Hiker Survives 30 Days Alone After Death of Companion in New Zealand

Despite the hot summer conditions throughout the U.S., it’s still winter in the southern hemisphere. And one lucky survivor has emerged from a month-long ordeal to remind us just how unforgiving the cold can be.

Two Czech tourists, Pavlina Pizova and Ondrej Petr, started their outdoor adventure in Fiordland National Park on New Zealand's south island on July 26, but soon into their excursion the snow and low clouds hampered their visibility and turned their trip into a nightmare. The duo was forced to spend their first night in the park exposed to the elements, and on the following day, Petr lost his footing on an ice slope and fell to his death. Pizova spent her second night in the park, keeping a vigil over the body and on the third day, she found a park warden's cabin and broke into it. After moving her friend's remains to a site near the remote hut, she simply waited for help to come. For the better part of a month, Pizova waited for help which did not arrive, as none of the local authorities or park staff knew of the predicament. It wasn't until a Czech Consul named Vladka Kennett spotted "a random Facebook post" from Pizova's worried relatives, that a search was initiated.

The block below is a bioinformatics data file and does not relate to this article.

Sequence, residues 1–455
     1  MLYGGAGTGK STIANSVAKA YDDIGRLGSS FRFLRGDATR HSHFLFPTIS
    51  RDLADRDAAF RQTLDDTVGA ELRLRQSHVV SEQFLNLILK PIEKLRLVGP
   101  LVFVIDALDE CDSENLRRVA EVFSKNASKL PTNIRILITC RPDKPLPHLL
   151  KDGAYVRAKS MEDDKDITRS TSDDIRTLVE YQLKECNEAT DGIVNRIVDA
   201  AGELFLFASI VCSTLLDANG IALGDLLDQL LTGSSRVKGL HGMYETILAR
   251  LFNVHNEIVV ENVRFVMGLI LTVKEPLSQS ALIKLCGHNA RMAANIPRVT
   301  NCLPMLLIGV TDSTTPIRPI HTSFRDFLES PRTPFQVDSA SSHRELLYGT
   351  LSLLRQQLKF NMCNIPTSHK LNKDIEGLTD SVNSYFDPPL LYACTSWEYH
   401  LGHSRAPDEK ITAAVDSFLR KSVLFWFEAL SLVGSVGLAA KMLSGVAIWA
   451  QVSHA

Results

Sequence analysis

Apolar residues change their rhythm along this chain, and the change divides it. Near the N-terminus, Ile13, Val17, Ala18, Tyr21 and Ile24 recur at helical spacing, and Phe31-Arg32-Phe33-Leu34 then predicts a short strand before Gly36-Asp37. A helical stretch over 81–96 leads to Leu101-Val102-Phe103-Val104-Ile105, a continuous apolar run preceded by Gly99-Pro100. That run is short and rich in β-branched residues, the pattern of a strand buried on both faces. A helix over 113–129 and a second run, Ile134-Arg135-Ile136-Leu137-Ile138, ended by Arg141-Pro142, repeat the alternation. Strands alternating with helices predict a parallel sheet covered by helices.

Pizova had been very lucky, as the mountain hut was stocked with food, firewood, and all the needed supplies. And she told authorities that she had twice attempted to walk out of the park, but deep snows and the poor condition of her feet had prevented it. She even used wood ashes from the cabin’s stove to create the letter ``H'' in the snow as a signal for help, but no one was looking for it at the time.

The authorities stated that Pizova was "ecstatic" to be rescued and that she was found in good health, despite her situation. So what went right? She didn’t fall and she found a shelter full of provisions, which are both lucky occurrences indeed. And what went wrong? The biggest blunder that the duo made was heading into the wintery backcountry without anyone knowing their plans. When it takes a month for a search to be initiated, you clearly haven’t left word with anyone. Someone responsible needs to know where you are going, where you are parking, which route you are taking and when you should return. Then, if you miss your return date and time – a search can be mobilized quickly. It’s entirely possible that the helicopter that spotted Pizova’s activity at the cabin on day thirty could have spotted a couple stuck out in the snow on day two.

So what would you do? Self-rescue after a few days? Wait for help no matter how long it takes? Please tell us your thoughts by leaving a comment.